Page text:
Former Soviet Republic Legislates Mandatory Auto Insurance


The Auto Insurance

May 25 2010

Not all countries – or even U.S. states – have mandatory auto insurance
requirements, but those that have not are beginning to see the wisdom
in such laws.

Case in point – Armenia.

A Tragic History

In late antiquity, Armenia was one of the most powerful kingdoms in
the Middle East. After serving as a “buffer state” between the Romans
and the Persians for centuries, the country fell to the Sassanids.

Over subsequent centuries, Armenia was invaded by Arabs, Byzantine
Greeks, Seljuk Turks, Persians and Russians. Under Ottoman rule,
the people of Armenia initially enjoyed some autonomy, but were
nonetheless treated as second-class citizens. This status caused their
relationship with the Turks to deteriorate, culminating in wholesale
attempted genocide between 1894 and 1896, and again in 1915.

After the First World War, Armenia was briefly independent before
being annexed by the Soviet Union in 1922. Under Stalin, Armenians
were again subject to oppression and mass executions during the
“purges.” Meanwhile, Soviet industries ran roughshod over the
local environment, leading to protests in the 1980s and attempts
at independence.

After the collapse of the Soviet Union in 1990, Armenia emerged as an
autonomous successor state, but the early years of independence were
marred by regional conflicts with neighboring Azerbaijan as well as
corruption in the government.

Emerging Economy

Today, Armenia still struggles, but has managed to make some progress;
having made the transition to a free-market economy and a parliamentary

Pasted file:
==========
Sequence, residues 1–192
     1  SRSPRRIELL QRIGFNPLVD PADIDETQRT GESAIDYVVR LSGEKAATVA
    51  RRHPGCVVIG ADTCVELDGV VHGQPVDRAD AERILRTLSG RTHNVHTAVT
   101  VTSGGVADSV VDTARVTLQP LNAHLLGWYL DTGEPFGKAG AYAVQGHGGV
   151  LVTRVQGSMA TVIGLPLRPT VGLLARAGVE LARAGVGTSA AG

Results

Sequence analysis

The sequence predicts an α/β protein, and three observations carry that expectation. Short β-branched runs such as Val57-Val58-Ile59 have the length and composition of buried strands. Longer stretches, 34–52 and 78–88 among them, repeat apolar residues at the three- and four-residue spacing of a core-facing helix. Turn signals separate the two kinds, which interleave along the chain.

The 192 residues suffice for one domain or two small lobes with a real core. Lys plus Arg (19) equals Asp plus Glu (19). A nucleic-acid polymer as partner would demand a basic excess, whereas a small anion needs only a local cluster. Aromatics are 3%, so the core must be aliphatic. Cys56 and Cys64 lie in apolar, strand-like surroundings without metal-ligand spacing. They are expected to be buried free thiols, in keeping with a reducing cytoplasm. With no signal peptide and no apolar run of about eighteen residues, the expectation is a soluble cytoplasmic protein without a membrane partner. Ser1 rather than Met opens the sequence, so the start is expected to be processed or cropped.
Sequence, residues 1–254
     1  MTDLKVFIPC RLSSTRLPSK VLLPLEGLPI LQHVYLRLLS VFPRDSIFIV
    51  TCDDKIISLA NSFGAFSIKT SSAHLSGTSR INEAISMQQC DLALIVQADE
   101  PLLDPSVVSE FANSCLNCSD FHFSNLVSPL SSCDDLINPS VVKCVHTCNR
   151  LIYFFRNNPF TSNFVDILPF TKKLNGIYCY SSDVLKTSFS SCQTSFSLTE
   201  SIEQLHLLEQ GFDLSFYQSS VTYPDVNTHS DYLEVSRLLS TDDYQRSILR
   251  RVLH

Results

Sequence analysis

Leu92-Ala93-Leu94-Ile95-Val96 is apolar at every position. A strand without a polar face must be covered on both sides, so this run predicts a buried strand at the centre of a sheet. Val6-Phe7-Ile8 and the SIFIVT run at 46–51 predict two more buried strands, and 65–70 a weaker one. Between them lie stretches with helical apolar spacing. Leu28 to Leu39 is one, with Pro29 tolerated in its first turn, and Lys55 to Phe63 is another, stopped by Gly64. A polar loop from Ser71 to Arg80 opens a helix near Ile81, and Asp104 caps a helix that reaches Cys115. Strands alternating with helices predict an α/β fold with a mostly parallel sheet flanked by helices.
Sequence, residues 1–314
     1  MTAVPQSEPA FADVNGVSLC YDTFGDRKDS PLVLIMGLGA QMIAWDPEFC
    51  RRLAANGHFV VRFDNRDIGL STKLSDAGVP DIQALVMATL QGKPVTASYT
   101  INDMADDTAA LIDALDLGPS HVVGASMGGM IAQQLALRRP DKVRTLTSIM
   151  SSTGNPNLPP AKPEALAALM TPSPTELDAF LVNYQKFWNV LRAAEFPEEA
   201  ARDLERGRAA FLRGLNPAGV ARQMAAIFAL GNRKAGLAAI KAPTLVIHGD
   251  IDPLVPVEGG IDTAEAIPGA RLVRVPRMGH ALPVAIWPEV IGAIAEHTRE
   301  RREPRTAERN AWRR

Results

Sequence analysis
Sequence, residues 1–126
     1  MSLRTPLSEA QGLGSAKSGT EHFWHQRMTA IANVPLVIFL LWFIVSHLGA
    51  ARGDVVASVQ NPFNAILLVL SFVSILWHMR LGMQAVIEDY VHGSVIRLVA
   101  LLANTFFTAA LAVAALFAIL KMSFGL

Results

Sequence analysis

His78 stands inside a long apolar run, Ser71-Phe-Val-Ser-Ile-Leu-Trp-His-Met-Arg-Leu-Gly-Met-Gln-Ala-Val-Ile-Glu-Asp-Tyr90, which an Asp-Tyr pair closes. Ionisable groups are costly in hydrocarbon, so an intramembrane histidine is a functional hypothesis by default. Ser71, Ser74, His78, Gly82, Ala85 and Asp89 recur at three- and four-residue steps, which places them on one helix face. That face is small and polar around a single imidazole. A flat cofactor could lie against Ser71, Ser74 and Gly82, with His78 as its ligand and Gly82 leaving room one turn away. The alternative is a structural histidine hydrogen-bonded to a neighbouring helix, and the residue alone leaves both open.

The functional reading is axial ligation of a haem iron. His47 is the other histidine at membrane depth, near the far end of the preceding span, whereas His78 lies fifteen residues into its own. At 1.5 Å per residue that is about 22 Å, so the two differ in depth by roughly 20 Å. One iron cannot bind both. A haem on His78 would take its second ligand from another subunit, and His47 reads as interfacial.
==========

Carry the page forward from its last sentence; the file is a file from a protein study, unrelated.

democracy, Armenians are beginning to enjoy an increased level of
prosperity. One of the signs of this new prosperity is increased
automobile ownership.

Today, there are approximately 400,000 cars in Armenia, the population
of which is just under 3.25 million. Although automobile owners
represent just over 12% of the population, Armenia is beginning
to experience the problems that come with an automobile society –
namely, expensive liability, serious property losses, devastating
injury accidents – and of course, the litigation that goes with them.

According to the deputy governor of the nation’s Central Bank, Vache
Gabrielian, the increasing number of vehicles on Armenian roads has
led to a corresponding rise in accidents and injuries, which could
negatively affect the country’s emerging economy. Mandatory auto
insurance, he says is the best solution.

Last week the Armenian Parliament approved a new law that would
require operators of automobiles in that country to carry insurance.

The new law is expected to take effect sometime next year. Insurance
premiums will start out at between 31,000 and 38,000 drams a year –
approximately $90 – $100 a year in U.S. dollars. (If this seems like
an incredible bargain, keep in mind that the average income in Armenia
is about a tenth of that in the U.S.) Those rates will be adjusted
every year under what is technically known as the bonus-malus system,
and will be based on whether or not the driver filed any claims the
previous year.

From: A. Papazian